Christopher Birchall and Stephen Coleman
Focusing on the thoroughly documented United States context, this chapter details the major findings of the literature on digital campaigning, traces the broad contours of scholarly disagreement, and discusses the limitations of the literature. It outlines an approach to analyzing campaigning and offers some directions for future research, focusing on: exogenous shifts in digital platforms and applications that take shape outside of, but effect, the political field; the strategic action of political actors within particular technological contexts; and infrastructure building by campaigns, parties and other actors such as consultants that shape the capacities and contexts for digital campaigning. It concludes by offering additional readings for students of digital campaigning.
This chapter provides a comparative analysis of e-petitioning platforms, including Downing Street e-petitions, We the People and Scottish e-petitions. The chapter focuses on policy impacts, patterns of political participation and the nature of political communication facilitated. It argues that the institutionalization of e-petitioning systems is crucial to their success.
Ever since the advent of the Internet, political communication scholars have debated its potential to facilitate and support public deliberation as a means of revitalizing and extending the public sphere. Much of the debate has focused on the medium’s potential in offering communicative spaces that transcend the limitations of time, space and access (and the traditional mass media)m whereby open communication, deliberation and exchange of information among the public can prosper. Following the initial enthusiasm over the possibilities of a more interactive and deliberative electorate, along with the cyber-pessimist response, a growing body of rich empirical research into online deliberation has arisen in its wake. In search of online deliberation, scholars have conducted a broad range of investigations, developing several prominent directions in the field. One popular line of research has been the study of informal political talk through the lens of public sphere ideals.The aim of this chapter is to detail and discuss this growing body of research and its significance. I begin by discussing what scholars mean by political talk and why it is thought to be essential for (a more deliberative) democracy. Following this, the major findings to date are set out, focusing specifically on three of the most common features of political talk investigated by scholars in the field. I discuss scholarly disagreement and offer my thoughts and critical reflection on the topic. Finally, the chapter ends with several recommendations for future research into informal political talk in the Internet-based public sphere.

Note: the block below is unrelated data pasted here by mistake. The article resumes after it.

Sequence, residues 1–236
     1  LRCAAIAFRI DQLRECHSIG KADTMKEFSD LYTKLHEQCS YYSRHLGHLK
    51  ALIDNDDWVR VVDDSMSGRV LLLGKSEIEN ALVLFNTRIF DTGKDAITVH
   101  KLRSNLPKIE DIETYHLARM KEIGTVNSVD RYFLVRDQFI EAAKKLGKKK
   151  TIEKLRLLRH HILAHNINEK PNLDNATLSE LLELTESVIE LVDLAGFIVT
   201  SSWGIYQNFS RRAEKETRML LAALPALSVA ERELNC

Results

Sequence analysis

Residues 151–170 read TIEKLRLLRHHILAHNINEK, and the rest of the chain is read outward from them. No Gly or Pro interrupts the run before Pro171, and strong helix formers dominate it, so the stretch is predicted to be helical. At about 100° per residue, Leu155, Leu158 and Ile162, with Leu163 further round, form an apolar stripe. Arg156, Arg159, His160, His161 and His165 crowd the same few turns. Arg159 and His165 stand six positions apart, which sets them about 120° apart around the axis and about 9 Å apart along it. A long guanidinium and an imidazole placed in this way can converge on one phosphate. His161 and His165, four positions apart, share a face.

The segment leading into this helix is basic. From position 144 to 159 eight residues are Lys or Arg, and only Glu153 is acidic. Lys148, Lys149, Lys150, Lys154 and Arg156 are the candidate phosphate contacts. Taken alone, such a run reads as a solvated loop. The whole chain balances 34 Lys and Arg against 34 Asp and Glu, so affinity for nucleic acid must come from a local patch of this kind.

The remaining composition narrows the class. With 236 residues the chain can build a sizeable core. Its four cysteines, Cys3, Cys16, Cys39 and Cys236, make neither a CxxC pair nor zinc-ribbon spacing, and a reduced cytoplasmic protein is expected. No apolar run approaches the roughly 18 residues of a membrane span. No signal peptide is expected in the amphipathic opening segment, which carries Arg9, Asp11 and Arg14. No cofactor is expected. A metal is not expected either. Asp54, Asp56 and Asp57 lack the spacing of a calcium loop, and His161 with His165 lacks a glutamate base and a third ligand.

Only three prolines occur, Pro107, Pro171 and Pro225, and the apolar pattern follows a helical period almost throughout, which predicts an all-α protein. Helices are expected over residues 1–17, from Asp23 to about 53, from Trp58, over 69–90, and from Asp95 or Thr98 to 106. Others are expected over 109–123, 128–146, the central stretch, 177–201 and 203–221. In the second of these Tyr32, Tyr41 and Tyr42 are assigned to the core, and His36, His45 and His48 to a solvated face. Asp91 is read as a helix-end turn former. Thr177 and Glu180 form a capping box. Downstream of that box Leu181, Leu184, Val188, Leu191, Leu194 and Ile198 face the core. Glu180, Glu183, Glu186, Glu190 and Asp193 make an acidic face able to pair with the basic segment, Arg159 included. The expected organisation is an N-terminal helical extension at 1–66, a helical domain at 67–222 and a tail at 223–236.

William H. Dutton and Elizabeth Dubois
This chapter provides a fresh perspective on the role of the Internet in politics, enabling the most realistic potential for enhancing democratic governance in the digital age. Researchers who are focused on digital politics and democracy are most often addressing the Internet as a tool for supporting traditional democratic institutions, such as consultation, and political campaigns. However, the Internet is enabling networked individuals to develop a new form of social and political accountability – the Fifth Estate – comparable to the Fourth Estate of an earlier era. The chapter defines the Fifth Estate, its foundations in the behaviour of networked individuals, and its future in the face of challenges from the other estates of the Internet realm.
Axel Bruns and Tim Highfield
This chapter explores the role of news blogs as a second tier of news coverage and commentary that engages in gatewatching and critiquing the mainstream news, and demonstrates the close interconnections between news bloggers and independent journalists. It also traces the current transition of news gatewatching from independent blogs to shared social media spaces, and outlines the potential consequences of this transformation.